Angelo R. Mozilo*
Class of 2004
- Chairman and CEO Countrywide Financial Corporation
Born in 1938 in New York City, Angelo Mozilo was the son of first-generation Italian-Americans who had minimal formal education. His father was a butcher in the Bronx, and the family lived in a two-family house owned by Mozilo's uncle. The oldest of five children, Mozilo slept on a sofa in the dining room so that his sister could have the second bedroom.
Mozilo's mother believed that her children would need a good education before they could fully take advantage of America's opportunities. She insisted from the time they were young that her children would go to college.
Mozilo liked school and loved sports, but he was a severe asthmatic and could not participate in strenuous physical activity. "There were no effective medications for asthma in those days," he said. "Sometimes I had to stay in bed for a week waiting for an attack to lessen on its own."
When he was 12, Mozilo began helping his father in the butcher shop. He cleaned floors, made sausage, cut up chickens, and learned all there was to know about running the small shop. Even though it was tough work, he didn't mind helping his father. Still, he realized he did not want butchering to be his career. The day Mozilo turned 14, his father woke him up and took him down to the health department to get his working papers, making it clear he had to pull his fair share of the load.
From the eighth grade on, Mozilo attended Catholic schools, and he had to work to pay the tuition. He got a job with a mortgage company, where he worked during the week. On the weekends, he continued to help his father in the butcher shop.
Mozilo did well in school. When it came time to make a decision about college, Mozilo's father was reluctant to give his permission. Finally, it was decided that Mozilo could go to Fordham University because it was close enough that he could come home each night. To pay his tuition, Mozilo continued working at the mortgage company. He began as a messenger boy and worked his way up to filling in for staff members who were on vacation. He graduated in 1960 and decided to stay with the mortgage business.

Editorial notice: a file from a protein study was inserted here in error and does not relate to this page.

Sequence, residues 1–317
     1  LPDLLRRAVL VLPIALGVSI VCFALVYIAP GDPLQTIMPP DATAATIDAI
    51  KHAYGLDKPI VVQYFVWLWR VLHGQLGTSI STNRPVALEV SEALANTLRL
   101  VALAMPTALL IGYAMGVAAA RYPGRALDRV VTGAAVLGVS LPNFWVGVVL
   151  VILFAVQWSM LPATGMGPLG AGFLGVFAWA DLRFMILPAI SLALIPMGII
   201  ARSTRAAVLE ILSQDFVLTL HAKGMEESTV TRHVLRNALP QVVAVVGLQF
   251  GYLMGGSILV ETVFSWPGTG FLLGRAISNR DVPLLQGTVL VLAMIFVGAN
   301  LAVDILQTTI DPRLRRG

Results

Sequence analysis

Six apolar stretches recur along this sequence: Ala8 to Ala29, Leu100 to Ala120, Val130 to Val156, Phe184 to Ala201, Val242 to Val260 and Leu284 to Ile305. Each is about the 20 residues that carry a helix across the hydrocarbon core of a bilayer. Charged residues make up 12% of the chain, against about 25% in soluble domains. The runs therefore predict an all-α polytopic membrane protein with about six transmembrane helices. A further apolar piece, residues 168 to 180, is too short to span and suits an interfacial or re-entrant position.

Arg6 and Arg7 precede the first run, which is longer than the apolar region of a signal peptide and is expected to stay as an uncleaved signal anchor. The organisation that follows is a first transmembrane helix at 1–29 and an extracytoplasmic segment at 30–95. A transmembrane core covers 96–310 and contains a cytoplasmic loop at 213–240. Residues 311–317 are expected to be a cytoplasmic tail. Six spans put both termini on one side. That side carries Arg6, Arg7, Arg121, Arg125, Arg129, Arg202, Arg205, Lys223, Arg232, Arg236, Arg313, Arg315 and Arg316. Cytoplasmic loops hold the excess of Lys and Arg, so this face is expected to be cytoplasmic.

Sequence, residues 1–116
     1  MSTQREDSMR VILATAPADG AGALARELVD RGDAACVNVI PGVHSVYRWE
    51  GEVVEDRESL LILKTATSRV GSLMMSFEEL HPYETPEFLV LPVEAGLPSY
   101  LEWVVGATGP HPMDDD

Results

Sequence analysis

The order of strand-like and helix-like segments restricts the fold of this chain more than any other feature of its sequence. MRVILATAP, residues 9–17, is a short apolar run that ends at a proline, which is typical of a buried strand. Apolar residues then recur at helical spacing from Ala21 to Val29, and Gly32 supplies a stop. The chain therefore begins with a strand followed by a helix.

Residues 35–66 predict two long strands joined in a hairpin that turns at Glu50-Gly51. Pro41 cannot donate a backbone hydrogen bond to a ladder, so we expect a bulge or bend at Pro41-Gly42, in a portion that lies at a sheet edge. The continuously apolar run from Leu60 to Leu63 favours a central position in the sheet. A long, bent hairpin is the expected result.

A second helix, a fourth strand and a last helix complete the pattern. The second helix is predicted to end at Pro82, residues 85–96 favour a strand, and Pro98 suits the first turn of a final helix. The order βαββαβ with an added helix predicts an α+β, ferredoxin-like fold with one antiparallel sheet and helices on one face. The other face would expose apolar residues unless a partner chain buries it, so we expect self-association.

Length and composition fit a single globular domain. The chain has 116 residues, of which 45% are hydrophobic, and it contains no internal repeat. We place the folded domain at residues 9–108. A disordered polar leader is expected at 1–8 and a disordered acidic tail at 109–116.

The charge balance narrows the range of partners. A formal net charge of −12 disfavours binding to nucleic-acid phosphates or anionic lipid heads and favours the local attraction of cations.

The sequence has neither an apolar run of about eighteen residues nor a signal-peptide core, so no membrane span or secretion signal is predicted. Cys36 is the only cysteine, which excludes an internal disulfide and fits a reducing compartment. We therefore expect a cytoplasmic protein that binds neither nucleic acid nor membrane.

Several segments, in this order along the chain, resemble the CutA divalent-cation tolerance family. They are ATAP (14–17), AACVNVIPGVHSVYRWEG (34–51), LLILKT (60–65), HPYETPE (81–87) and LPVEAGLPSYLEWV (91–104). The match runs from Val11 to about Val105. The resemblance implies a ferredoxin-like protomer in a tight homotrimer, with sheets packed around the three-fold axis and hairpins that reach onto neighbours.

Mozilo had just begun graduate school when his mortgage company merged with one in Virginia. He was sent to that office to help with the merger, and he performed his job so well he never returned to New York. Mozilo's company sent him to Brevard County, Florida, home of Cape Canaveral. The race to the moon space program had just begun, and the area had little to no housing available. "Space science engineers were pouring into the area," said Mozilo. "It was like the Gold Rush. They were literally living in tents on the beach."
Investing his company's total net worth on the project, Mozilo financed a newly formed development company. On the day the subdivision was scheduled to open, torrential rains flooded the model homes. "My life flashed before my eyes," said Mozilo. "We had furniture floating in the models, and I thought we would probably go bankrupt.
But the anxious home-buying engineers came anyway. They took off their shoes and rolled up their pants. I couldn't take their loan applications fast enough. We sold out that subdivision, which helped build my reputation. From that point on, we financed mortgages throughout Orange County, Brevard County, Cocoa Beach, Orlando, and almost all of Central Florida."
Mozilo worked his way up to executive vice president, but when a conglomerate took over the company in 1969, the new owners' practices did not mesh with what Mozilo thought was in the company's best interests, so he left and returned to Virginia, full of foreboding about his jobless future.
Soon, he formed a partnership with his mentor and former boss, David Loeb. They named their company Countrywide Credit Industries because they wanted to be the first national mortgage banking company. Their two-man office moved its headquarters to Los Angeles and evolved into Countrywide Financial Corp., which in 2008 was sold to Bank of America for $4.1 billion.
In 1991, Mozilo was elected president of the Mortgage Bankers Association, which represents thousands of mortgage professionals and their firms. In 1995, he was inducted into the National Association of Home Builders Hall of Fame, and he continued to serve on the board of its National Housing Endowment Foundation. In addition, he received the Ellis Island Medal of Honor.
Honored by his Horatio Alger Award, Mozilo said, "We all live for applause, whether it's from our co-workers, our spouses, or our children, but this award is a standing ovation, and I'm very appreciative."
Wanting to make a positive difference in the lives of others, Mozilo had put education at the forefront of his philanthropic endeavors. "My mother's gift to me was being very concerned with education," he said. "I spend time and resources on children and education because they are the future of our country. Education is critical to having choices in life."